Sunday 1 April 2018

First of the Flightless Penguins

Penguins are unusual birds. They walk fully upright, have short legs that force them to waddle, and have wings adapted into flippers to propel them through the water. Compared with many other bird groups, there aren't all that many of them - there are no more than twenty living species, and possibly less, depending on who you talk to.

Surprisingly, perhaps, we have, however, named many more fossil species than living ones, and our understanding of penguin evolution is rather better than that of most families of flying bird - which tend to have light and fragile bones that don't fossilise well. Unfortunately, as is often the way, it's the earliest and most interesting part of that fossil history that's most obscure, since, being older, these are the fossils least likely to be preserved.

But that doesn't mean we have nothing from that time.

I should perhaps begin, however, by defining the term "penguin". Today, it's obvious what penguins are, since they don't really look like anything else. Taxonomically, penguins are the only members of the penguin family (Spheniscidae), which is itself the only living family in the larger order of penguin-like birds (Sphenisciformes). When it comes to fossil species, though, quite where the Spheniscidae ends and the stem Sphenisciformes begin is a matter of debate... so I'm going to ignore all that and just call them all "penguins".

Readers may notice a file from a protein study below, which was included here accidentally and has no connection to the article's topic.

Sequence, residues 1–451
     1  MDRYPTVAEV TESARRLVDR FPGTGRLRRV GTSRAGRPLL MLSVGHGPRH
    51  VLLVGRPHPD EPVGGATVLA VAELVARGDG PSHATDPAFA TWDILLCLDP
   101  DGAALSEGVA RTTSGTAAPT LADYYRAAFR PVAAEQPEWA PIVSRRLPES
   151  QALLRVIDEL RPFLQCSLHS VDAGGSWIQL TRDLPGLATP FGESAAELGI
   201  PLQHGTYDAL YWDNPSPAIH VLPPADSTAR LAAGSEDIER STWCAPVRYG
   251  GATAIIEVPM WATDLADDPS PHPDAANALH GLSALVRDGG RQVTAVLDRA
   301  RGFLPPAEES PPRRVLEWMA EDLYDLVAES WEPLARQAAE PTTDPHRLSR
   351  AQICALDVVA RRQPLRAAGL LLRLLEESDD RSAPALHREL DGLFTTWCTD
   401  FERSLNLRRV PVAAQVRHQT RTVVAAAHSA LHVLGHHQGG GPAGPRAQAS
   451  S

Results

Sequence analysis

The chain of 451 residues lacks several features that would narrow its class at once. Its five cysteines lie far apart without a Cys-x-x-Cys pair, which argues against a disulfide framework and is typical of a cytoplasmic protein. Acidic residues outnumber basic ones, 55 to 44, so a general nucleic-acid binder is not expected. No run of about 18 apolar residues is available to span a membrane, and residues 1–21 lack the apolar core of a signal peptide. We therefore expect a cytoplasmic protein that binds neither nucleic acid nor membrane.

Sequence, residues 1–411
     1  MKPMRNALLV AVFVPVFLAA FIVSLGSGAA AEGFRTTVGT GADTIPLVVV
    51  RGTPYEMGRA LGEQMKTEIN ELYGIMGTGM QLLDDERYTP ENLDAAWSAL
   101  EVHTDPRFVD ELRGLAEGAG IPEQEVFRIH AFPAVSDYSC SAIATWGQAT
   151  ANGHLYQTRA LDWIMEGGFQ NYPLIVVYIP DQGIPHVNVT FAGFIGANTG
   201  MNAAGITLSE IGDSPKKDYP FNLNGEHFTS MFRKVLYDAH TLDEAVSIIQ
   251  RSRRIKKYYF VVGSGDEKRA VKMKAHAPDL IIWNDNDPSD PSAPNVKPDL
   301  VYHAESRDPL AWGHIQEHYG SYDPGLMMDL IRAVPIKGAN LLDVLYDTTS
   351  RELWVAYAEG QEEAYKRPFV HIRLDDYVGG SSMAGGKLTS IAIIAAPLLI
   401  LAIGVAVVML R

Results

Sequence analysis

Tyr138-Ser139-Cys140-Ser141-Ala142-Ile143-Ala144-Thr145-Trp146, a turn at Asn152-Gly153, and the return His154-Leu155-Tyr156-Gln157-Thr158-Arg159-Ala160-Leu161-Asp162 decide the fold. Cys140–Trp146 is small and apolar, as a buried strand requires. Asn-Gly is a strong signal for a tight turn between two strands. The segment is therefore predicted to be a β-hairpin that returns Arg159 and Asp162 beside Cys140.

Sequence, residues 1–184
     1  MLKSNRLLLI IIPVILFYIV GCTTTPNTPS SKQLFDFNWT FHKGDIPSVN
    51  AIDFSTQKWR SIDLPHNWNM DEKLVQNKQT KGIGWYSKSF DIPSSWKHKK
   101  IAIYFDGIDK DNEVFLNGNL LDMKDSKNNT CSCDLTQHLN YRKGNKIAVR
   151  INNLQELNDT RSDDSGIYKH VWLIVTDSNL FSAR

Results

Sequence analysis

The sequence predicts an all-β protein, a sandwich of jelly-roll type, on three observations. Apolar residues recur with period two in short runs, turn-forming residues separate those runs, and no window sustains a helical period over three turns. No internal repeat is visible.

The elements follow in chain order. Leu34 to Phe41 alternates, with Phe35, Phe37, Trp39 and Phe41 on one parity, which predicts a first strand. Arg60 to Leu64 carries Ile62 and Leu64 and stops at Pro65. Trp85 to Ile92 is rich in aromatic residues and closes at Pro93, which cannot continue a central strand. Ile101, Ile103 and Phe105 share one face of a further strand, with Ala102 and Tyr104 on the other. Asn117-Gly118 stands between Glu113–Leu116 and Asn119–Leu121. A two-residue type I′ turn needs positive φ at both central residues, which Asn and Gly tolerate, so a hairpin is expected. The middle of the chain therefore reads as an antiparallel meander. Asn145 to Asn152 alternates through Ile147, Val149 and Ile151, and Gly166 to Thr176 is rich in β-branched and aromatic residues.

Under this definition, the first penguins seem to have evolved not long after the non-avian dinosaurs went extinct. Coincidentally, that extinction wiped out the last members of the only previous group of aquatic flightless birds, the Hesperonithes... but they lived in the Northern Hemisphere, and penguins are only found in the Southern one, so they would never have competed with one another anyway.

To unravel the earliest history of penguins, then, we have to turn to fossil sites in the Southern Hemisphere that date to the Paleocene, the epoch that immediately follows the great extinction event. One of the most important such sites lies near Canterbury, in New Zealand, consisting of deposits that would have been laid down in shallow seas at the time. The remains of a number of seabirds have been found at the site, but it's for its fossil penguins that it's best known.